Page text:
slugging – mammoth // building nothing out of something


[Slug sites in suburban Northern Virginia, via]

Emily Badger looks at the peculiar practice of ‘slugging’, which is pretty easily Northern Virginia’s best contribution to the lexicon of infrastructural hacks:

People here have created their own transit system using their private cars. On [fourteen] corners, in Arlington and the District of Columbia, more strangers — Oliphant estimates about 10,000 of them every day — are doing the same thing: “slugging.”

Their culture exists almost nowhere else. San Francisco has a similar casual-carpooling system, and there’s a small one in Houston. But that’s it. Even in D.C., slugging exists along only one of the city’s many arteries, I-95 and 395, where the nation’s first HOV lanes were completed in 1975.

Every morning, these commuters meet in park-and-ride lots along the interstate in northern Virginia. They then ride, often in silence, without exchanging so much as first names, obeying rules of etiquette but having no formal organization. No money changes hands, although the motive is hardly altruistic. Each person benefits in pursuit of a selfish goal: For the passenger, it’s a free ride; for the driver, a pass to the HOV lane, and both get a faster trip than they would otherwise. Even society reaps rewards, as thousands of cars come off the highway.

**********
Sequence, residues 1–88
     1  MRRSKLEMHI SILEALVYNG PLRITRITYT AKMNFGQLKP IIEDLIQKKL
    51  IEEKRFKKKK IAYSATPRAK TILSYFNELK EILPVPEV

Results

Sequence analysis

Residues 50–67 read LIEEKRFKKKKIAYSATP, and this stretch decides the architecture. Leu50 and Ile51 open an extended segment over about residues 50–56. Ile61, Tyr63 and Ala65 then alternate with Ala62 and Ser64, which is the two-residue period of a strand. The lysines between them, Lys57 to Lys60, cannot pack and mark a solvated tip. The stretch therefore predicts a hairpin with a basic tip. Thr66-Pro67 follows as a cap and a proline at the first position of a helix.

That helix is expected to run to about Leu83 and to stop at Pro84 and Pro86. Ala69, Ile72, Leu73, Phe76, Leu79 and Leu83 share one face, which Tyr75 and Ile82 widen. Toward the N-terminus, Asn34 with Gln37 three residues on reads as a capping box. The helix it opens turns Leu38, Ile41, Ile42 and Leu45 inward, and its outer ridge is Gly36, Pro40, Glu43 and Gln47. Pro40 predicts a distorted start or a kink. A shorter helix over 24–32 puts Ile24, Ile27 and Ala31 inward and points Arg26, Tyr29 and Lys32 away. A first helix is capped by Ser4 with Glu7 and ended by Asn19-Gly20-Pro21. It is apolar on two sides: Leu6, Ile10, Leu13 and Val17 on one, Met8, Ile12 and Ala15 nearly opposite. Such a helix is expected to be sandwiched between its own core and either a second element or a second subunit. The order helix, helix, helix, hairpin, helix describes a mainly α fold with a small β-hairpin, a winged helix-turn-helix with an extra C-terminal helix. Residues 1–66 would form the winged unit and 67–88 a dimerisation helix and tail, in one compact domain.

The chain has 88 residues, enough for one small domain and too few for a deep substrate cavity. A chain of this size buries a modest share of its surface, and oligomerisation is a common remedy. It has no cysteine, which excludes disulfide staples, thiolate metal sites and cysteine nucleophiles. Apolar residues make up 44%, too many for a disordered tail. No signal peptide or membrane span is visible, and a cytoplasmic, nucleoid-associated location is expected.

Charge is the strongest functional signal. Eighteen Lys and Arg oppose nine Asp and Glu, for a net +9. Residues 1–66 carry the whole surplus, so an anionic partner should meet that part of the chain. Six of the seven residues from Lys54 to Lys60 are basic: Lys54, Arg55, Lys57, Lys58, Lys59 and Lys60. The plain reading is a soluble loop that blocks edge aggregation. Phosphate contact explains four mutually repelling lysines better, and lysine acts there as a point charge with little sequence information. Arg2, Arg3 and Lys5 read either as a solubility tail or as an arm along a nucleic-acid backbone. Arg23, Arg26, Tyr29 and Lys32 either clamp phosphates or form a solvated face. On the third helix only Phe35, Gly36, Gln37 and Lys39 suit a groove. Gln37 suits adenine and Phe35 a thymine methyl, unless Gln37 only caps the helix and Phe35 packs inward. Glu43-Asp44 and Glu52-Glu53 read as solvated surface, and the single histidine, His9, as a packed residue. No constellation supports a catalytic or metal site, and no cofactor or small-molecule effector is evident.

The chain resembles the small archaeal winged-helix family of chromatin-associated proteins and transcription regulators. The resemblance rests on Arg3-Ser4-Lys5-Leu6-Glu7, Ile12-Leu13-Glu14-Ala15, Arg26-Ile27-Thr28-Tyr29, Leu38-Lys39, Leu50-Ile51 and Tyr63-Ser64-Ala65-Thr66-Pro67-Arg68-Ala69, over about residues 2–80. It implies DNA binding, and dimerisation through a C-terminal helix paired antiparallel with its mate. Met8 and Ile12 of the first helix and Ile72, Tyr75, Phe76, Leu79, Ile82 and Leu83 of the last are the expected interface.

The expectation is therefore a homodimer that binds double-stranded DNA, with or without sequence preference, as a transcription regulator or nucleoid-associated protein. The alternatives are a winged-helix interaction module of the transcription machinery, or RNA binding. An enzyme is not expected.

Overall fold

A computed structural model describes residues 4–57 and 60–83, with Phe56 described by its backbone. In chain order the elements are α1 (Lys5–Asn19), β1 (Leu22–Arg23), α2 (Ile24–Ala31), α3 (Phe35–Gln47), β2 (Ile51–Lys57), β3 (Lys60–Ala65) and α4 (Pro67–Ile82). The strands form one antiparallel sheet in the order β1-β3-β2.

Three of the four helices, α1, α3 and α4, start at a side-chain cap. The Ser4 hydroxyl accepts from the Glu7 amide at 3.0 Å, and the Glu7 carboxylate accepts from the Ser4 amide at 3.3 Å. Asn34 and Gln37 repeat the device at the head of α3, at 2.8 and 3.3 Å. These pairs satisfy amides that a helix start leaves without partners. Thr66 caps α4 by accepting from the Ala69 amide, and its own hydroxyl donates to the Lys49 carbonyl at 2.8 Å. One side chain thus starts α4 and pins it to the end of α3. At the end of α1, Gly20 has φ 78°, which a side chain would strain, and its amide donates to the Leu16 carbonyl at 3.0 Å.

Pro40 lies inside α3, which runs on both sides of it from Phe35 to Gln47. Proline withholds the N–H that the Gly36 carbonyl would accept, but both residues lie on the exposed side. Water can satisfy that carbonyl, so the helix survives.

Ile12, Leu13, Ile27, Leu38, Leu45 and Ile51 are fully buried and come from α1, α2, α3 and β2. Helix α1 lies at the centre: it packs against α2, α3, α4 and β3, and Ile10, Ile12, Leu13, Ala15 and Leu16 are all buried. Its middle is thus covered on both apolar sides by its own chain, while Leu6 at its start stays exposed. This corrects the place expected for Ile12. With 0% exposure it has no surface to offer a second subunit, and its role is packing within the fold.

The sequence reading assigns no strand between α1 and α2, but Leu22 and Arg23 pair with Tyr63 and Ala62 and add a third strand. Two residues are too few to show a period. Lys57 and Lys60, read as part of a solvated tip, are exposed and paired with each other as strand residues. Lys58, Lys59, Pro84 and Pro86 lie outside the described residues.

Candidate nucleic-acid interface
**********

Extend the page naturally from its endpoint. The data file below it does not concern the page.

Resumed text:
The full article looks at a series of rather interesting issues related to this “self-sustaining casual carpool” — whether the practice could be encouraged by a government which appreciates its benefits, the series of extremely specific conditions which must be met in order for a slugging culture to emerge, the history of that emergence, and so on; read it here.

2 Responses to “slugging”

  1. cs says:

    I wouldn’t give much credit to N. Va on this one. It’s pretty much common practice in many parts of the world where a not-full car is seen as an economic liability.

    • rholmes says:

      Given that it’s an emergent behavior, this would not surprise me, but that doesn’t seem to be any reason not to give credit for the term (as I was, in describing it as a contribution to a lexicon) to Northern Virginia. (Evidence that it was used elsewhere first would be reason, but I haven’t seen that evidence — which, of course, does not mean that it doesn’t exist.)

      That said, the more slugs, the better…